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Published on Friday, April 21, 2017

Council rejects Rebecca Street over-development

Mayor calls project a bit too big for its site

Council rejects Rebecca Street over-development
Oakville Town Hall
By Nathan Howes, Oakville Beaver

Oakville residents living on Rebecca Street near Dorval Drive are breathing a sigh of relief after Town council voted April 18 against a development application.

A proposed development of a six-unit, multiple-attached residential project at 231 and 237 Rebecca St., east of Dorval Drive and Margaret Drive, on the north side of Rebecca, had area residents up in arms over the proposal. Those upset cited the design, which raised privacy concerns, to the project close proximity to nearby residences.

A Town staff report was at the April 18 Planning and Development council.

It outlined the Official Plan Amendment and Zoning By-law Amendment applications to allow the development of the multiple attached-dwelling units on the site.

The applications were received and deemed complete in September 2014.

However, following an outpouring of concerns from area residents and Town councillors, council voted to reject the applications.

After a lengthy discussion at the meeting, Ward 2 Town and Regional Councillor Cathy Duddeck made a last-minute plea for the application and staff recommendation to be denied.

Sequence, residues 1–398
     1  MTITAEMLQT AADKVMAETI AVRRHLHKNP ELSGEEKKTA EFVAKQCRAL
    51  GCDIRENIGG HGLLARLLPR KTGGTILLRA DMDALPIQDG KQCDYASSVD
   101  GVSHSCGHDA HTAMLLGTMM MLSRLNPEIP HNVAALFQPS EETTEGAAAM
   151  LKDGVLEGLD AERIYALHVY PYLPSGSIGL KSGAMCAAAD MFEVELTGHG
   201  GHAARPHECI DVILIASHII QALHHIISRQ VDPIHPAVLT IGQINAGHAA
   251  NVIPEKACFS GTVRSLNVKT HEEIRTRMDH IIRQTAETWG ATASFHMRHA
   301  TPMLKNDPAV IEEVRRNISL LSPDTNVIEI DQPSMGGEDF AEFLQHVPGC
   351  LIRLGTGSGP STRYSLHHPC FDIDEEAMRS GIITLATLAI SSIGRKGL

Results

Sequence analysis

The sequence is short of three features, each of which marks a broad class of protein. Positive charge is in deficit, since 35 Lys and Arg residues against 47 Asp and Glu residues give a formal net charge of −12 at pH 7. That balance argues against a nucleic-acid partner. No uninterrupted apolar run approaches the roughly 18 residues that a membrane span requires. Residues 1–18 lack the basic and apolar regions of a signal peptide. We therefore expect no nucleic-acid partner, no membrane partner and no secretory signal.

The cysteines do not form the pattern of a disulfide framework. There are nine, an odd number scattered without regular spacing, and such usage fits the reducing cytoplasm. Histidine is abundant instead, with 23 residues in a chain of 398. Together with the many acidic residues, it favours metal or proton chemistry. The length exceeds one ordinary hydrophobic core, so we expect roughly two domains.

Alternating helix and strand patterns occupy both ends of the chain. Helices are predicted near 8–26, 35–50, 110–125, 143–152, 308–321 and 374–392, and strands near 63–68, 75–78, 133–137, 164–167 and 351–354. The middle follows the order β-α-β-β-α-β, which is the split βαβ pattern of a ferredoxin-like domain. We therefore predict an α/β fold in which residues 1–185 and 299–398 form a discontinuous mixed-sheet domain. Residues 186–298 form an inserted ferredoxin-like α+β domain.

She was supported by Mayor Rob Burton, and ultimately, by Council, in a recorded vote.

“I believe all of the problems we’ve heard here are generated from over-development of the site. It’s just a touch too big,” said Burton.

“I appreciate the candid admission that it is trying to maximize the building envelope and I think it over-maximized it.”

Were it approved, the Official Plan Amendment would have had to re-designate the property from low-density residential to medium-density residential — which didn’t sit well with residents attending the meeting.

The proposed zoning bylaw would have permitted a six-unit, three-storey townhouse development, providing vehicle access from Margaret Drive to the future condominium’s rear lane.

It would have resulted in four additional residential units in the neighbourhood.

The motion was denied, despite planning consultant David Fay bringing forward concessions on behalf of the developer.

They primarily dealt with privacy challenges and included building an eight-foot-high wooden fence along the east property line, from the driveway to the north boundary of the site to provide screening from car headlights; as well as north-side buffering with at least 12-foot-high seeders covering the entire length and third-floor windows with linear designs, perched at least five feet above the floor, before the glass appears.

However, the client wouldn’t agree to reduce the number of units to five, as suggested by Burton, or add any further protective measures to the terraces.
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Author: Mayor Rob Burton

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